Categories: Business

‘Microfinance banks have impacted more lives than commercial banks’


Adegoke Elijah Adegbami, a financial management consultant who is also one of the pioneers in microfinance bank management in Nigeria, is currently the managing director of Mainstreet Microfinance Bank Limited in 2009, a subsidiary of Skye Bank Plc. In this interview, he speaks on prospects and challenges of running a microfinance institution.


What is your appraisal of the microfinance sector in Nigeria, do you think it has lived up to people’s expectation?

We must put the issues of expectation in perspective. Customers have their expectations from microfinance banks. Some of the expectations are right while others are wrong. Because when people don’t know what to expect, then they begin to expect just anything. Some expect that they collect the money and give you reasons why they should not repay. Regulators and government also have expectations. Our shareholders and investors also have expectations from us. Our staff have expectations too. Then there is the general expectation from the Nigerian microfinance subsector based on the global microfinance standards. I believe the global standard should be used factoring in some peculiarities in our own local environment. If you use this standard, the microfinance subsector has not done badly. The subsector is still relatively young and evolving. But we have impacted lives. I am tempted to argue that the microfinance sub-sector is making more positive impacts on the people than even the money deposit banks. We are the ones that attend to the needs of the people. We attend to people who have not much to offer us. Some of our customers would rather put their small life savings in the commercial banks and then come to us for loans. I think the person that is giving to them must be commended than the person that is taking from them. They only lend to people who are already rich. We lend to people who are poor, believing in their future. Even though the microfinance sub-sector has its own teething problems, but we have done comparatively well and have impacted people’s lives.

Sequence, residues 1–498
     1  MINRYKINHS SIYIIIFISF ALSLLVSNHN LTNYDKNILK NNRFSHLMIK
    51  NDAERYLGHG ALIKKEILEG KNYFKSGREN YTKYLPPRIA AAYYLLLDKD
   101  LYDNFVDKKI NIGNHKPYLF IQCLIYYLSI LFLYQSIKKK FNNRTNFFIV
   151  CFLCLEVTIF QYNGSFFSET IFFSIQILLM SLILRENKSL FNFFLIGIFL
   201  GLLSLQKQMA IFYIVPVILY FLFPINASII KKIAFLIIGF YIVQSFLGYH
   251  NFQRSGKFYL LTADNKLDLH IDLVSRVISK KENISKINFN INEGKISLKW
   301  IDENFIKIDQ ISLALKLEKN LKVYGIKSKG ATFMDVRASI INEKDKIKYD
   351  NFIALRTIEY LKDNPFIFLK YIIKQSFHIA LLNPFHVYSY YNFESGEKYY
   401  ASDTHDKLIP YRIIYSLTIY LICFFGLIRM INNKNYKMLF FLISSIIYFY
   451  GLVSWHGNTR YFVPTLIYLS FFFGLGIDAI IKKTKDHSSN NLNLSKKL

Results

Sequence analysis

We understand that some banks use illegal means to collect debts from customers, how do you recover yours?


It depends on what you mean by unlawful or illegal means. If you owe, then you must be prepared to pay. At Mainstreet Microfinance Bank, we ensure that customers sign undertaken saying if you don’t pay us we will take your items and sell, but that is the very last option because even if people don’t know us they know our parent bank.  So, it is easier to say a subsidiary of this bank did this to us. We don’t do things that are illegal or involve violence. We have our name to protect. By training, we know that we don’t need to go that far. The default in effect may be an indication that we did not do the selection properly from the beginning.  If you do the right thing, it’s not as bad as people think. Let me tell you if you do microlending the way you are supposed to do it; out of about every 100 people, I can categorically tell you that 80 people will pay you without giving you any single problem, 80 out of 100. They don’t have that kind of thing in the commercial banks. Just make sure you don’t overexpose them, you don’t give them more than they need and you treat them very well. Also be sure you don’t have your staff trying to connive with them because sometime you have staff who can even go to influence the customer to default because they want to get something out of it. If you take all those things away, every 100 naira you lend to customers, 80 naira will be paid without any pressure. Of course, there is a problem that people don’t take note of, often times; a microfinance bank wants to compete with a commercial bank. You are not dealing with the same set of people, if we are competing with them, you will go for the wrong customers. There are people that come here and we say no we are not dealing with you, you are not our customer.